Big Tech Spent Millions on Lobbying Amid Antitrust Scrutiny
The largest U.S. technology companies continued to spend millions on lobbying last quarter, seeking to sway legislation intended to bolster antitrust enforcement and force other changes on the industry.
Apple Inc. increased its spending to $1.64 million in the second quarter, up 12.3% from the previous quarter. Amazon Inc.’s total increased by 1.3% to $4.86 million. Lobbying expenditures by Microsoft Corp. dipped slightly, down 4.6% to $2.47 million and Facebook Inc. mostly held steady at $4.77 million. Alphabet Inc.’s Google spent $2.09 million, down 22.3% from last quarter, but up 23.7% from last year.
While the numbers show a mixed trend, the sustained level of spending on government influence demonstrates what the technology industry has at stake as policy makers debate stronger antitrust enforcement and tougher regulations on a sector that for the most part has been allowed to develop organically. Now, these entrenched companies have surpassed $1 trillion, and in some cases $2 trillion, in market valuation and are using their abundant resources to protect their positions.
Most of the companies disclosed dozens of bills and issues that their lobbyists are tracking, grouped into broad categories like taxes, consumers, homeland security and banking. The lobbying reports, required by law, were due Tuesday.
A common concern was antitrust. Forcing more competition in the online economy is one of few issues that has bridged partisan divides in Congress, and received the full support of the Biden administration.
Antitrust advocates on Tuesday cheered the nomination of Google foe Jonathan Kanter to lead the Justice Department’s antitrust division. He joins Lina Khan, a fierce critic of the technology giants who heads the Federal Trade Commission, and Tim Wu, a leader of the new anti-monopolist movement, as a top White House adviser.
A bill to give the Justice Department and the FTC more resources to pursue competition cases passed the Senate and a similar measure received bipartisan support in the House.
Five other antitrust measures got votes from Republicans and Democrats on the House Judiciary Committee, including proposals focused on a handful of U.S. tech companies to make mergers more difficult, force platforms to allow consumers to move their data, change how companies present their own services to consumers or force them to divest entirely of certain lines of business.
Apple, Facebook, Google, Amazon and Microsoft all listed these House proposals as targets of their lobbying campaign last quarter, trying to convince lawmakers that this legislation would destroy popular products, endanger user safety and benefit foreign competitors. There is some evidence that these arguments resonated, as it’s unclear whether the bills would have enough support to pass the full House, and no floor vote has been scheduled.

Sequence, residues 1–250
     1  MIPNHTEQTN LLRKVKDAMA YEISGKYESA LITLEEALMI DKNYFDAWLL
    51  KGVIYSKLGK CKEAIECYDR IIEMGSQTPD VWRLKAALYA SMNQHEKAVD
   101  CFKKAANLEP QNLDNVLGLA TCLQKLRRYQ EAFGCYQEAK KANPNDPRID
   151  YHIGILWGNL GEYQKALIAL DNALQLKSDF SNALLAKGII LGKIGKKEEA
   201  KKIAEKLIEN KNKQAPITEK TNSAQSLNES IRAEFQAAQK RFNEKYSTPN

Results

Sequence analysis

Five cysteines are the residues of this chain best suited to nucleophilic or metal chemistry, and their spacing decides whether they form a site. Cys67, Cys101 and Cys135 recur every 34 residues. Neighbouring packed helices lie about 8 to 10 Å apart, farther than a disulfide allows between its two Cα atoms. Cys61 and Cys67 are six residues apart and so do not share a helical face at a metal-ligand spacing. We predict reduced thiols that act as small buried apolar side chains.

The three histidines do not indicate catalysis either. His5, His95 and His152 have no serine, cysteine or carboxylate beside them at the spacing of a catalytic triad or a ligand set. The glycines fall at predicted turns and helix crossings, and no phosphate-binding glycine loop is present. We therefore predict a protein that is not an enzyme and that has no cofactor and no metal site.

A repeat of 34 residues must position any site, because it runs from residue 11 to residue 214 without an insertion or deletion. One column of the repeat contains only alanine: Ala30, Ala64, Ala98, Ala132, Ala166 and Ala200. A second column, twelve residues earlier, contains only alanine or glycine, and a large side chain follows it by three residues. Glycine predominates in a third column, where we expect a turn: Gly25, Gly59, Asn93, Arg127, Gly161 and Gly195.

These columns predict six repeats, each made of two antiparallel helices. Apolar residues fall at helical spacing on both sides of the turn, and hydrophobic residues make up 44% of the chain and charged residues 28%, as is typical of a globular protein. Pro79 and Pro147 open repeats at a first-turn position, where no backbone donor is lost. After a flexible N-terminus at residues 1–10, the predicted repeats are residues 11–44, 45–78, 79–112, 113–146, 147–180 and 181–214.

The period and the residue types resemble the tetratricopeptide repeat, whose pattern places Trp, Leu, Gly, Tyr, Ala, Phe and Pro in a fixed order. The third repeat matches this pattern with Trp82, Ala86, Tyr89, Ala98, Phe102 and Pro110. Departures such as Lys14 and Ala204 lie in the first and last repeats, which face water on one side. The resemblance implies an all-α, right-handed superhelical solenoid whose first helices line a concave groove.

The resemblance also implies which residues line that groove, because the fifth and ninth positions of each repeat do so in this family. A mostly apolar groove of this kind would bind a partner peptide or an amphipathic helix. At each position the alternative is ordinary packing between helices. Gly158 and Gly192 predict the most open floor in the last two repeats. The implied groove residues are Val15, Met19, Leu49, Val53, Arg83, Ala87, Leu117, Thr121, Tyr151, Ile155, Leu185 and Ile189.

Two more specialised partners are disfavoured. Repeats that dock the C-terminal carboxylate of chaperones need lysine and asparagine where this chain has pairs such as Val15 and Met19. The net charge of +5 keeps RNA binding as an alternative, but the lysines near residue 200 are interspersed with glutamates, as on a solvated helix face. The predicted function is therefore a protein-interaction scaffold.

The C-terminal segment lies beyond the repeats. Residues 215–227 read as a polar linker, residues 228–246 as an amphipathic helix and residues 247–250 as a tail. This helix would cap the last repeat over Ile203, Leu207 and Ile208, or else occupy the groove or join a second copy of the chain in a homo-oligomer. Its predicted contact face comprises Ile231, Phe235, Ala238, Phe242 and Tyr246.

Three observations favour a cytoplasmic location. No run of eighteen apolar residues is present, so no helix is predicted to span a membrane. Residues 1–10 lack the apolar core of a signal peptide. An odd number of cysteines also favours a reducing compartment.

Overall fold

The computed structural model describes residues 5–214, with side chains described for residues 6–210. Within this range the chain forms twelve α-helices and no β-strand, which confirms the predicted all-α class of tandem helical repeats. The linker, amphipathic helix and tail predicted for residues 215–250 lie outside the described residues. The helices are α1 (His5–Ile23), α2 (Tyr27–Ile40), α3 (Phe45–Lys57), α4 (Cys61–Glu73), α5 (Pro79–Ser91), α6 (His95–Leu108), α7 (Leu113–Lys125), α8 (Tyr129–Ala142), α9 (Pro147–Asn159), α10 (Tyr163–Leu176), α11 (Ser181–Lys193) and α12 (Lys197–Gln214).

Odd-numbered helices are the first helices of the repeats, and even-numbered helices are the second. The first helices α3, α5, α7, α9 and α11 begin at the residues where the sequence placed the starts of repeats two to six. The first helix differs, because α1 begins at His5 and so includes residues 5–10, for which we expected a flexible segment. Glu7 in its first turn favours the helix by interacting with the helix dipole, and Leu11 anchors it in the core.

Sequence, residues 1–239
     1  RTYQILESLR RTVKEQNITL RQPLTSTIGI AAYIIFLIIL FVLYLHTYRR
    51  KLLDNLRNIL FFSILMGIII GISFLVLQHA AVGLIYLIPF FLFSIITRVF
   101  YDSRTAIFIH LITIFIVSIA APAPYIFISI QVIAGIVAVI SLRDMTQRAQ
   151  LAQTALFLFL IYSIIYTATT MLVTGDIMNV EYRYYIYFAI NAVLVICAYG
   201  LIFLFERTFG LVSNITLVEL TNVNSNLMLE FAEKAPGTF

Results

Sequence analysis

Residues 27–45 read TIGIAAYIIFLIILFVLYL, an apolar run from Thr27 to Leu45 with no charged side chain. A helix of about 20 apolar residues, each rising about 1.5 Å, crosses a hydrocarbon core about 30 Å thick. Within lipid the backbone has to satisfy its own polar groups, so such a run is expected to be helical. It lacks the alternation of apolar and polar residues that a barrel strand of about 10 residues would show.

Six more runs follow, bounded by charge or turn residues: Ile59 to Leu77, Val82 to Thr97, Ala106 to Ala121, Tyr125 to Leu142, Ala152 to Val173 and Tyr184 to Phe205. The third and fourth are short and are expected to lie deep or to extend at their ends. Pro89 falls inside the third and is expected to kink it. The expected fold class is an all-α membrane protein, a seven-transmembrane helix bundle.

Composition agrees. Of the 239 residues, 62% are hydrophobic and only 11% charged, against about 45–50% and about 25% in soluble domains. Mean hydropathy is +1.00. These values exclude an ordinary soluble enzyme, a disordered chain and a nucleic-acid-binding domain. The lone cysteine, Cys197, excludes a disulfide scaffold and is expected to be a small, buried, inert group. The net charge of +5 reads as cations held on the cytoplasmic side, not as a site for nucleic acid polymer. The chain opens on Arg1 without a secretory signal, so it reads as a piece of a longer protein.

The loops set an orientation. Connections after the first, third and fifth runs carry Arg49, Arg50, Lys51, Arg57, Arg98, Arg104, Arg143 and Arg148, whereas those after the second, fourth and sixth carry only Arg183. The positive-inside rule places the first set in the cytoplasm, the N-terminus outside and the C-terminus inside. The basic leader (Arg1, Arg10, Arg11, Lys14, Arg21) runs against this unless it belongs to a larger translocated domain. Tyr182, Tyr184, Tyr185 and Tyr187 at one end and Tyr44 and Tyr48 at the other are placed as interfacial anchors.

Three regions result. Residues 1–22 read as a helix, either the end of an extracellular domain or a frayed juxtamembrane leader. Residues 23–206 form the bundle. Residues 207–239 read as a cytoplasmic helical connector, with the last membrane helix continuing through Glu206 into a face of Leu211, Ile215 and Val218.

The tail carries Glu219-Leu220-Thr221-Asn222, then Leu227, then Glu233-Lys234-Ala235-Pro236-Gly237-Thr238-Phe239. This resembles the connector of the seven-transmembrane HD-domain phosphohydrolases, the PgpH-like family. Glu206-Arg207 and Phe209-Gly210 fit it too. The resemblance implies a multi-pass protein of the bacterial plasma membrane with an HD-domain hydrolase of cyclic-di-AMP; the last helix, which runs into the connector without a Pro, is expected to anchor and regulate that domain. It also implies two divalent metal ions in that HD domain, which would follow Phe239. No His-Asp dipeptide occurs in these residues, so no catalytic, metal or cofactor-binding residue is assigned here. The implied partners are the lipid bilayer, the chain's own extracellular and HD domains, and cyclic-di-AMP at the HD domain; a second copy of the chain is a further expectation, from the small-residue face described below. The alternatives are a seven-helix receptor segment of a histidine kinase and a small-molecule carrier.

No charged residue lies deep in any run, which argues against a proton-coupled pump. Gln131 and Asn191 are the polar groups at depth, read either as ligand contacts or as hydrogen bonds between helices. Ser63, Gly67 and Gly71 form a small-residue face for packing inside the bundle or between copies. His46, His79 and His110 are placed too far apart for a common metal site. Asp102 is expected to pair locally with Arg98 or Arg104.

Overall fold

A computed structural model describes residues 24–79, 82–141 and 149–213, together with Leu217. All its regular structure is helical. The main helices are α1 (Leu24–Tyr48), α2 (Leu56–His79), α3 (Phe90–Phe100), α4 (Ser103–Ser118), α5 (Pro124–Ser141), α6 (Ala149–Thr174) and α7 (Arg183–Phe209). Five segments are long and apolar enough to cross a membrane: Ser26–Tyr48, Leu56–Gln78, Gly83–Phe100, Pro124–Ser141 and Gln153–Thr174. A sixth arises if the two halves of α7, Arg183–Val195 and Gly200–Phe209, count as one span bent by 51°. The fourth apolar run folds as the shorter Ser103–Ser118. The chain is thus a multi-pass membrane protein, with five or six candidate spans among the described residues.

The companies also mentioned either the semiconductor supply chain, or the Senate bill designed to support U.S. manufacturing of the sophisticated chips needed for consumer electronics.
One of the issues for Amazon, Apple and Facebook was the legal liability shield known as Section 230 that lawmakers of both parties want to change to hold tech platforms responsible for how user content is displayed and disseminated.
Amazon was the industry’s biggest spender, listing individual pieces of legislation and issues across a wide range of subjects including aviation, transportation and finance — reflecting the online retailer and distributor’s massive business reach.
Apple lobbied on topics related to its consumer credit card business and the development of autonomous vehicles, as well as “privacy practices in the App ecosystem,” which was one of the issues raised in a Senate antitrust hearing this year. Several senators are working on their own antitrust bills, including one aimed at changing app store practices to support Apple’s competitors.
Facebook, which recently sparred with the White House over President Joe Biden’s concerns about false online information regarding the coronavirus, said its lobbying issues in the last quarter included “voter suppression/interference, political ads and misinformation policies.”
In an indication of how much is at stake for tech companies, the Computer Technology Association, an industry group, increased its spending on lobbying to $1.2 million in the second quarter, up 103.4% from the first quarter.
Twitter Inc.’s lobbying jumped 65% from the first quarter, bringing its second quarter total $660,000. The social media company also listed the House’s antitrust bills as an issue, as well as content moderation and digital security.
Oracle Corp. increased spending on its lobbying efforts by 45.2% to $2.44 million, listing government procurement as an issue of focus in the same quarter that the Pentagon decided to pull back a $10 billion contract with Microsoft, giving other companies another chance to make their case.
ByteDance Ltd., the parent company of TikTok, spent $1.84 million on lobbying in the second quarter, up 162.9% from the previous quarter and up 268% year over year as it fights concerns in Washington about the security of user data.